Marianne Evans said...

Hi, Cecelia! I saw your blog notice on ACFW and had to chime in, because my most precious Christmas tradition is the making of my beloved Grandma DeCou's Christmas sugar cookies. Special story to go along with? I was making them last December 21st - with my husband and visiting children gathered around - when I was notified by White Rose Publishing that my contest entry for Hearts Crossing was the winner...I had broken into the genre of Christian Inspirational Romance! From there, a four book series emerged. Hearts Crossing, the winning entry, released on my Grandpa DeCou's birthday - 01/29/10...talk about a God thing!! Such a cherished memory, to go along with such a cherished tradition. My kids refuse to let me make them until they're around to help cut and decorate with my Grandma's old, metal Christmas cutters. :-) Great post, and God bless!

Cecelia Dowdy said...

Hi, Robin! What a cool, and thoughtful tradition! More people should do that! Marianne, that's an awesome story! Definitely a God thing! Care to share the sugar cookie recipe with us?

aarbaugh said...

CD: Yes. I freeze a bunch in December. Then, when I'm tired of winter, I open up a few at a time. Usually in mid-February. I remember how good they are and how much fun we had baking them.

LoRee Peery said...

The one that has stayed is going to church on Christmas Eve. Oyster stew is another. At least until a son-in-law and one son said they didn't really like it. So now each family makes different soups; my contribution is broccoli cheese. I enjoy watching my daughters establish new traditions with their daughters. Merry Christmas, everyone!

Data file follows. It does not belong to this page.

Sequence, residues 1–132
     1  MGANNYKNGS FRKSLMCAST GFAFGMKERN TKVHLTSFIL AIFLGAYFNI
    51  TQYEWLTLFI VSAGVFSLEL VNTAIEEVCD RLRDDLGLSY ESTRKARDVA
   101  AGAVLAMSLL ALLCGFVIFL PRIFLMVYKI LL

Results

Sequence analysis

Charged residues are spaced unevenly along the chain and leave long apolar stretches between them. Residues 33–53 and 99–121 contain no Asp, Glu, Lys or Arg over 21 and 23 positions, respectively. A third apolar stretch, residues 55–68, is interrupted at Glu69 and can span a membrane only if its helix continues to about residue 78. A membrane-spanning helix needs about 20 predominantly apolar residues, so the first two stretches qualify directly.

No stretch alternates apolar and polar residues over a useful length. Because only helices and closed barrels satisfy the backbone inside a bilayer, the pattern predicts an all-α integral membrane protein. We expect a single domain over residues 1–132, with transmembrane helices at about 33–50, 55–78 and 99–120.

Jean C. Gordon said...

My family has a tradition of celebrating "Little Christmas," the Epiphany. My dad always made fried donuts with coins inside, and I do the same.

Marianne Evans said...

Cecelia, I can go you one better than the recipe - I'll give you that recipe, plus a bunch of other great holiday treats, courtesy of my publisher, White Rose Publishing! The authors of WRP have contributed to a FREE Christmas recipe book you can download directly from the website: www.whiterosepublishing.com Pay a visit, download, and ENJOY!!

Cecelia Dowdy said...

Loree, sounds yummy! I think if I had to pick a Christmas soup, it would be corn chowder or cream of crab! Jean, those donuts sound good, too, but I'd be worried about biting down on a hard coin while eating that tasty donut! Marianne, I plan on going to that link and downloading the cookbook! I'm sure the recipes are simply scrumptious! :-)

Debby Lee said...

Hi Cecelia. There are so many traditions at Christmas. It's hard to think of just one, but I'm going with the one kept by my family for generations. Every year on Christmas Eve, we have all gotten together for dinner and a gift exchange. From what I hear, it all started with my great-grandparents in 1913. It's gotten so big we have to rent a hall to hold everybody. In the year 2013, the tradition will be 100 years old. There's going to be a big hoopteedo and I'm really excited about it. Thanks for the chance to post, hope all is well with you and yours.

Cecelia Dowdy said...

Debby Lee, that's so amazing! A family Christmas tradition that's about to turn 100 years old! It sounds like this event really promotes unity within your family which is a really neat blessing!

Teresa Slack said...

Love reading all the posts. I've heard of a lot of ppl doing the cookie baking thing this year. I would gain 10 pounds by the time the weekend was over. I have to sample each pan when they come out of the oven.

Thanks for sharing, esp the giving ones. It's important to teach the younger generation the meaning of giving.